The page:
Fifth, to reject Taiwan is to reject financial and human resources the U.N. desperately needs to achieve its goals of eradicating poverty, hunger, disease, illiteracy, child and maternal mortality, violence, abuses of human rights and other forms of social injustice.
As speeches made at the recent summit and the Millennium Declaration have pointed out, the U.N., in this age of declining governmental resources, must develop strong partnership with the private sector, such as multinational corporations and NGOs, to carry out its agenda. Taiwan has pledged $1 billion for rejoining the U.N. It has the resources, the experts and the will to become a partner and to play a leading role in our increasingly integrated and interdependent world.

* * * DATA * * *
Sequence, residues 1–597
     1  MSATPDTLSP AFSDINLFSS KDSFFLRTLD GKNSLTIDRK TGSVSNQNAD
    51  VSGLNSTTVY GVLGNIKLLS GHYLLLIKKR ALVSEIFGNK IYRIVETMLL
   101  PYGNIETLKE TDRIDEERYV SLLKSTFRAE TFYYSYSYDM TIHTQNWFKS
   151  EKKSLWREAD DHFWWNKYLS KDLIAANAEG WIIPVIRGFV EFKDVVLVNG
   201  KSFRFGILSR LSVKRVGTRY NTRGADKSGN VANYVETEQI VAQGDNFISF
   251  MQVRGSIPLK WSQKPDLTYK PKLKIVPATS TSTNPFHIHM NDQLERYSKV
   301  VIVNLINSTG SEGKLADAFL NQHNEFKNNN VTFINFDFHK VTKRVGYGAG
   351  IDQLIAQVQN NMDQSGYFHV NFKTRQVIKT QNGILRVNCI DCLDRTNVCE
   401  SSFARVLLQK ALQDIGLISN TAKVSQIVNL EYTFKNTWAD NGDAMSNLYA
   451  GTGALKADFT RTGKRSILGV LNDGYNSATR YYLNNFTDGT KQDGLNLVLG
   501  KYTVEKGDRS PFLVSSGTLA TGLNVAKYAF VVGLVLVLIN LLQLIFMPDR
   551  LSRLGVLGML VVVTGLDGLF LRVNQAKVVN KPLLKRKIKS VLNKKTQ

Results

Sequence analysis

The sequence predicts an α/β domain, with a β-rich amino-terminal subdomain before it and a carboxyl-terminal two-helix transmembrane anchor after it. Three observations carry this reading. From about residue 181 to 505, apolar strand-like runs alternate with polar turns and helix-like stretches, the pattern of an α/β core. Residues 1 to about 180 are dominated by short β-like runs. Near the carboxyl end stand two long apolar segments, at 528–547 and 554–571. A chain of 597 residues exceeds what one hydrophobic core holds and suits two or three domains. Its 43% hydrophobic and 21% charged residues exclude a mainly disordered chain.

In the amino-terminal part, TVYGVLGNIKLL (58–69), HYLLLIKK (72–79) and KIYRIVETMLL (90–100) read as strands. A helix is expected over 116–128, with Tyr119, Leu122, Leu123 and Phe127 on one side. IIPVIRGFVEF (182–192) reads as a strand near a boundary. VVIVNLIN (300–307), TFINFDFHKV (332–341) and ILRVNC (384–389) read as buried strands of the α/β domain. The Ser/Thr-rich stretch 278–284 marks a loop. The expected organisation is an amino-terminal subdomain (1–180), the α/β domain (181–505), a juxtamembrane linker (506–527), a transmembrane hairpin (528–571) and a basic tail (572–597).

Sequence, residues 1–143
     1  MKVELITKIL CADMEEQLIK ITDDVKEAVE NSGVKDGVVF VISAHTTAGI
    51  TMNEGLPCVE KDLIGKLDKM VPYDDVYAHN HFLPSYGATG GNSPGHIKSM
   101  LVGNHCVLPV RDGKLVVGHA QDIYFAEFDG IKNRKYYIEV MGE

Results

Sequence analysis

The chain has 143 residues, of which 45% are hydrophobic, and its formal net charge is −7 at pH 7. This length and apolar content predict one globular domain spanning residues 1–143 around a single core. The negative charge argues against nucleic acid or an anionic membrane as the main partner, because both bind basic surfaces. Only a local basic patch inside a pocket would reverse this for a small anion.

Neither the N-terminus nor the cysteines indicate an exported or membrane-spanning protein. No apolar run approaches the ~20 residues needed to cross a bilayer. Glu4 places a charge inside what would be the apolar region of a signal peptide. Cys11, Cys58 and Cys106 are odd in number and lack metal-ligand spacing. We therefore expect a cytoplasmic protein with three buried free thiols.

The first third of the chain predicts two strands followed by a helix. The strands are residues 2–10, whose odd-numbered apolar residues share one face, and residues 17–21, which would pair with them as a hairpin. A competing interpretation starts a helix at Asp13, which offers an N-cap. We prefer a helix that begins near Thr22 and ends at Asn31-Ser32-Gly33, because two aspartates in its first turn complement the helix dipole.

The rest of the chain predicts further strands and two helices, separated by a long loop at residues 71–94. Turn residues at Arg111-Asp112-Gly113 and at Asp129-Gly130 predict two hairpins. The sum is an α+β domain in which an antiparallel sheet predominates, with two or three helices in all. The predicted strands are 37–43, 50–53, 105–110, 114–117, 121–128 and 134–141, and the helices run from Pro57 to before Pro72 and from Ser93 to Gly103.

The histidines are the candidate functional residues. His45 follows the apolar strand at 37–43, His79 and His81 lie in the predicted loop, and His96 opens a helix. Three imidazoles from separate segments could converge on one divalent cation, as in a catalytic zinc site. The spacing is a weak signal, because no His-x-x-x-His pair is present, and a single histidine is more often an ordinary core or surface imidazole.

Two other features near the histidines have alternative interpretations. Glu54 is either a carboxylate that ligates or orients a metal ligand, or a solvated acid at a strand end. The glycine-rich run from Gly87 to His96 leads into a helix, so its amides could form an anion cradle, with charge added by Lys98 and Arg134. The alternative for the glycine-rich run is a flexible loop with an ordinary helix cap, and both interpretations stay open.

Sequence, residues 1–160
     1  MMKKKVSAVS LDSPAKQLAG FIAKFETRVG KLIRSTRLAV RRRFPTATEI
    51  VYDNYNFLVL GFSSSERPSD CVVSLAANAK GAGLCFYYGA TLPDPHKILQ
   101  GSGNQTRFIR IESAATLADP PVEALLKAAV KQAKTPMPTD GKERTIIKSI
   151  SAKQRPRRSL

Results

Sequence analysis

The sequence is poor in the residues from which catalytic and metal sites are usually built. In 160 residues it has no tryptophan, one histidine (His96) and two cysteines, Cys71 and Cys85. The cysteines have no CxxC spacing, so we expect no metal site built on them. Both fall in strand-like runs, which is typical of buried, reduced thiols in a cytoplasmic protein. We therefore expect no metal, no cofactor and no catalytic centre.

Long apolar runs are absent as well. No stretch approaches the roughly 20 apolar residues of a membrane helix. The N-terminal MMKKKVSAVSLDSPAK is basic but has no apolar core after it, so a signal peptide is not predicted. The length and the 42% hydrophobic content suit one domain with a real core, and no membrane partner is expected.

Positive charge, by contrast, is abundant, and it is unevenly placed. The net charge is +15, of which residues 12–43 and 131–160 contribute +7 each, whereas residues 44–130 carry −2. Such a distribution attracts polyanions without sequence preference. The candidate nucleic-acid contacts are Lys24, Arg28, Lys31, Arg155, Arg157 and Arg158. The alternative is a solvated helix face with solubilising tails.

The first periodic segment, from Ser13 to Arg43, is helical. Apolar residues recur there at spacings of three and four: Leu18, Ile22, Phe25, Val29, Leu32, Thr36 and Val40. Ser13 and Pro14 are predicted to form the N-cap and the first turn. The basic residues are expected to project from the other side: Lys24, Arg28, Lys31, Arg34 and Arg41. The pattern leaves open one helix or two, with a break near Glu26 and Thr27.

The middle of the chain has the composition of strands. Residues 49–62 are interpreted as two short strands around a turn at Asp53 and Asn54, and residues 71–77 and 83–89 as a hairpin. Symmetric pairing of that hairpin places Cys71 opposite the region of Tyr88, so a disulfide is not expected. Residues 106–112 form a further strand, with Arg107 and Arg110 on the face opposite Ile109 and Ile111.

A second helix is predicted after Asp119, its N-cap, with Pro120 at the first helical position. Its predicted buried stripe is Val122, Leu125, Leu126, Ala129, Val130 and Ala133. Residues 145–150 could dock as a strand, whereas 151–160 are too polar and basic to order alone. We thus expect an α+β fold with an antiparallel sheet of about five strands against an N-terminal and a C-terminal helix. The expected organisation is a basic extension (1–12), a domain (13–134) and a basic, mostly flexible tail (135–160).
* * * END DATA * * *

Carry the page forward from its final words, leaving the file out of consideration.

The U.N. is moving in a new direction toward its goal of building a more prosperous and just world. Secretary General Kofi Annan has the strong backing of the major powers to execute reforms and carry out the U.N. agenda for the 21st century. In a tough speech before the General Assembly on Sept. 11, Annan called for the strengthening of peacekeeping operations and the enlargement of the Security Council to give it more diversity and to give developing countries a stronger voice. He also called for the removal of the wall — namely, obstruction by a minority exercising veto power over the will of the majority. He wants the U.N. to be in step with the global economy and to be quicker to react to large-scale violations of human rights, even if that means interfering in a nation’s internal affairs.
Let Taiwan, a democratic state, a free-market economy and a global player that respects human rights, join the U.N. It will be a just and legal action and in keeping with the purposes and principles of the world body. It will uphold the U.N. Charter. It will surely help the U.N., under Annan’s leadership, carry out the world body’s 21st-century agenda.